Nuro receives first permit to operate self-driving cars commercially in California

Nuro receives first permit to operate self-driving cars commercially in California
Ryan is an editor at TechForge Media with over a decade of experience covering the latest technology and interviewing leading industry figures. He can often be sighted at tech conferences with a strong coffee in one hand and a laptop in the other. If it's geeky, he’s probably into it. Find him on Twitter: @Gadget_Ry

California’s Department of Motor Vehicles (DMV) has awarded Nuro the state’s first commercial permit for self-driving cars.

The permit allows Nuro to operate its autonomous vehicles commercially on the roads of two counties near the company’s Bay Area headquarters.

Nuro says it will soon announce its first commercial deployment with an “established” partner. The company’s fleet of Prius cars will kick-off the deployment but will later be joined by Nuro’s own electric R2 vehicles.

Nuro’s R2 vehicles are designed for carrying goods rather than people and therefore prioritise ensuring the safety of other road users rather than occupants.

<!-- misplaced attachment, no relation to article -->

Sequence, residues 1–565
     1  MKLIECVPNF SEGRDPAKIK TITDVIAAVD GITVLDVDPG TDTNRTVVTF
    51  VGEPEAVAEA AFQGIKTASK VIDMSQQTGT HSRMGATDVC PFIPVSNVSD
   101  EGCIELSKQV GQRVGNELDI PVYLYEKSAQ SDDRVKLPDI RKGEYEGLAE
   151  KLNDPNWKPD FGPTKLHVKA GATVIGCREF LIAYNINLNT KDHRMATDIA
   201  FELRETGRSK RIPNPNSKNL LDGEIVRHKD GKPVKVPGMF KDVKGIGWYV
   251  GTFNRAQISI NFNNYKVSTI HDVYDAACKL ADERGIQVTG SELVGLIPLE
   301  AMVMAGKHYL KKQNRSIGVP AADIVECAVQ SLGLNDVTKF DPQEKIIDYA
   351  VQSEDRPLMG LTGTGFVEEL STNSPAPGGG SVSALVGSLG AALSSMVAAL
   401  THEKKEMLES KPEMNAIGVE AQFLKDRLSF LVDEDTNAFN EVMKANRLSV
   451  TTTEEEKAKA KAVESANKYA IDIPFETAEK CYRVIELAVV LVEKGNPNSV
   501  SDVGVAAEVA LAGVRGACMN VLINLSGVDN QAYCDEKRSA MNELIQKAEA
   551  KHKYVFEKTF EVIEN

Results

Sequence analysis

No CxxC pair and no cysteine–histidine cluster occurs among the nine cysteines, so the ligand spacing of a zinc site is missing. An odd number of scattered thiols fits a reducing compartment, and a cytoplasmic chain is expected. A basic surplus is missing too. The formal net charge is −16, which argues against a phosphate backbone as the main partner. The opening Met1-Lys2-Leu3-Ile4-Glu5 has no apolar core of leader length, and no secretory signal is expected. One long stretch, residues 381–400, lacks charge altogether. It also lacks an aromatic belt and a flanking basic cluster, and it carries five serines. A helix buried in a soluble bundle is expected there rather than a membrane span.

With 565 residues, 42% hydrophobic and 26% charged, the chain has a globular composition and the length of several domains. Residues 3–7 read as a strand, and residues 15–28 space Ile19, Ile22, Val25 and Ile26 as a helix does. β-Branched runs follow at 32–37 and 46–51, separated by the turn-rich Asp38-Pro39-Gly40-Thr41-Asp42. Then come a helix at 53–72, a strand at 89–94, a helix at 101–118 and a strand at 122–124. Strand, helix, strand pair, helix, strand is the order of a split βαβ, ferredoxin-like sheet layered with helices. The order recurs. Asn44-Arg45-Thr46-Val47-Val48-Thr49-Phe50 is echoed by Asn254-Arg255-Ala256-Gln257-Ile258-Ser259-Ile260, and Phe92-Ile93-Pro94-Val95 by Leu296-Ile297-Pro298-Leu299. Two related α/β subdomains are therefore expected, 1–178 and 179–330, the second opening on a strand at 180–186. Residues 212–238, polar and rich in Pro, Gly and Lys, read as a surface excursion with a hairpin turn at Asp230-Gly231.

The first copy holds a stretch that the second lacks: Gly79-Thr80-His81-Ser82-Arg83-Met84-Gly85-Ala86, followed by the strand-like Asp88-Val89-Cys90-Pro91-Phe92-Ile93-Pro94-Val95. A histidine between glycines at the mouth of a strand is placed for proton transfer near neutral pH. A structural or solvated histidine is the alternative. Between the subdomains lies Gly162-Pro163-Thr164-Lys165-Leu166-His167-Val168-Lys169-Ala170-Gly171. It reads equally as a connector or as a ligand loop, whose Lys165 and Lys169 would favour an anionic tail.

The production of R2 vehicles is being handled by car manufacturer Roush and features a large cabin space in addition to temperature controls. The autonomous cars are equipped with LiDAR technology and can also identify the sirens of emergency vehicles.

“Since California adopted one of the first autonomous vehicle laws in the country in 2012, the DMV has steadily crafted a regulatory framework that last year included small delivery vehicles like Nuro’s,” wrote Nuro chief legal and policy officer David Estrada in a blog post

“This framework set up a three-stage permitting process for companies to move from testing with a safety driver, to driverless testing, and now finally, to commercial deployment.”

Deliveries of consumer goods will initially be the focus. Helping the elderly, for example, receive their daily necessities. Longer-term we might see these vehicles helping to deliver more critical supplies like blood or medicines.

We could get away with ourselves with such long-term potential applications so it’s probably best to stick with the here and now—after all, it’s been an eventful enough year for Nuro.

In February, Nuro was granted an exception to deploy its autonomous vehicles on public streets before receiving a full test permit in April.

Nuro’s tests of its driverless R2 vehicles had one of those nostalgic cars you have to actually drive following it for monitoring purposes, until a couple of months back. In October, Nuro began testing R2 cars in three states without any chase cars.

The permit awarded this week means Nuro can now start offering its services commercially in California for a profit. It’s a pretty landmark moment for the industry as a whole.

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